When I’m trying to really get to know someone, I always ask why they do what they do. If they’re someone with the privilege to choose, the response can tell me a lot about their values and background. Up until recently, I thought I had a good answer. When folks throw the question back at me, I usually answer something along the lines of “As a person of color, I see the role race plays in determining people’s lives. I work on policy to change that.”

For all this time I’ve been answering “the why” to racial justice, but never the policy part. People choose to combat racism in tons of ways, like art, organizing, philanthropy, teaching, etc. To be honest, I just assumed that policy was a natural fit for me because I don’t consider myself inherently gifted at anything in particular. For the life of me I have no creative proclivities, and certainly don’t have the temperament or social skills for “front line” work, like counselors working with immigrants facing deportation. Policy is really not much more than memorizing archaic rules, and learning how to articulate solutions in a certain way. …  or so I thought.

“I don’t do this work because I’m a nice person or because I want to “give back,” but because I understand that pain (psychological, physical, or otherwise) can have ripple effects.”

A few weeks ago I met with my therapist, who is very much a non-justice oriented white guy. We’ve been talking about me setting stronger boundaries between my work life and “life life” (What’s that? Just kidding, but seriously, I suck at it) and I was trying to explain that my work is deeply personal. I can’t not feel pain when I read about black men murdered by police or when I see young brown girls standing on corners late in the night. Scholars call this phenomenon linked fate. I like to think about it through a concept I learned about studying abroad in South Africa  called ubuntu, which translates loosely to “I am, because you are, because we are.” I don’t do this work because I’m a nice person or because I want to “give back,” but because I understand that pain (psychological, physical, or otherwise) can have ripple effects. It can spread to others, and it can stay with people. When that pain becomes part of you, changing what you fear, how you show up and understand the world, you have what is known as trauma.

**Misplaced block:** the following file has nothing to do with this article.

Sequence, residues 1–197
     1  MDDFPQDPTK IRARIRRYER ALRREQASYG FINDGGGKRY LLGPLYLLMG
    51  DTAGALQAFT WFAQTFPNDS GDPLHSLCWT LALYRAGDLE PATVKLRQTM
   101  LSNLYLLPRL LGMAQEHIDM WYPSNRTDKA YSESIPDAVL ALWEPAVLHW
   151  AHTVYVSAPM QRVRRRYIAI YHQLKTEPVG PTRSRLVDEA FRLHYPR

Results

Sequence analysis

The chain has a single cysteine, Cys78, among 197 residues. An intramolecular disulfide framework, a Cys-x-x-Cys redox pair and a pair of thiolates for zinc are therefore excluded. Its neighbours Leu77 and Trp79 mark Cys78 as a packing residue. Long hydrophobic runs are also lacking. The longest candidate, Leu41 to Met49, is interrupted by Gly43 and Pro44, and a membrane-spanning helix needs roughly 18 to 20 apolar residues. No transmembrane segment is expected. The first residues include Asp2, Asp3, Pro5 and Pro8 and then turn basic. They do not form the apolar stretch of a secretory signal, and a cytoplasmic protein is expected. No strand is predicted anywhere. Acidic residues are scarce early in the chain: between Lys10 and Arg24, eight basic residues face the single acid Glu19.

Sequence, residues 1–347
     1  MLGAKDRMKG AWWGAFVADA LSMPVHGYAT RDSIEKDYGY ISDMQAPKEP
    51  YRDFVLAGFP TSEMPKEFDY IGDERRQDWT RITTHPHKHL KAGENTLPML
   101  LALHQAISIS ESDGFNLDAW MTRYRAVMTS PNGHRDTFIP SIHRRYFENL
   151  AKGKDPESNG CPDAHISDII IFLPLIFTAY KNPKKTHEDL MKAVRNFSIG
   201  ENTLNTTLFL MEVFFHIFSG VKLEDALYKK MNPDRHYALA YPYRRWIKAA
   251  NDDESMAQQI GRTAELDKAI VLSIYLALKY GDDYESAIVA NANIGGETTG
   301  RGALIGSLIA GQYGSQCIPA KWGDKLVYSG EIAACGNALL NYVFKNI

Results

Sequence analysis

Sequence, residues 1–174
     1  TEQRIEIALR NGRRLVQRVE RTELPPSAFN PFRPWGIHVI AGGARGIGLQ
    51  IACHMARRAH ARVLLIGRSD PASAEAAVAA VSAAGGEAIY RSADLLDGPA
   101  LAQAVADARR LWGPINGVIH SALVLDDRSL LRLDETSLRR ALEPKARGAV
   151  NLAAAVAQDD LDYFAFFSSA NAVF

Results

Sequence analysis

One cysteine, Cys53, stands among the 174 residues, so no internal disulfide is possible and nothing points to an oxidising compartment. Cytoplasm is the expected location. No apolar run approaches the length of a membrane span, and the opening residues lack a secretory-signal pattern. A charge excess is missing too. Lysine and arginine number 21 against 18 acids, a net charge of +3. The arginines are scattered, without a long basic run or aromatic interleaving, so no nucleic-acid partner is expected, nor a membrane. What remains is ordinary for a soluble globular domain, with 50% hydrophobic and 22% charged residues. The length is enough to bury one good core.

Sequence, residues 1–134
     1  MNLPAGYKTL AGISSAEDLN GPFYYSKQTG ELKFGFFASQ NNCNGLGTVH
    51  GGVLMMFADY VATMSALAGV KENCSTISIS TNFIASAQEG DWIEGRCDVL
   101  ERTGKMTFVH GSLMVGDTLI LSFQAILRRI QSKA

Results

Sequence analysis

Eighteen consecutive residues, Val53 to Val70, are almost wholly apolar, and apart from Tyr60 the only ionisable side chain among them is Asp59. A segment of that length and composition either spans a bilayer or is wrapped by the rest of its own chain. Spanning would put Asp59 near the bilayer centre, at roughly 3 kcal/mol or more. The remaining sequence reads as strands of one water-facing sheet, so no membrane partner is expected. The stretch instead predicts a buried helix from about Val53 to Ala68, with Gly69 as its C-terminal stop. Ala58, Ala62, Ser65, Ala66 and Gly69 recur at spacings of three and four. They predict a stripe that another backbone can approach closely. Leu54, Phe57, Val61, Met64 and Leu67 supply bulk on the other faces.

From slavery to Jim Crow to Trump’s America, people of color have endured generations of trauma — via policy might I add — to the point where we normalize it, making healing all the more difficult. When I feel that weight, my work not only gives me a vessel to channel my energy into but an opportunity to undo (or at the very least mitigate) that trauma on a widespread level. Explaining why boundaries are hard for me made me realize that policy is a form of healing not just myself, but my people.

It’s funny. Before this mini-breakthrough, I thought that the “why do you do what you do” question allowed me to learn about others, but it really ended up teaching me more about myself than anyone else. Looks like I still have some more unpacking to do.

Danielle Beavers is Greenlining’s Diversity and Inclusion Director. Follow her on Twitter.

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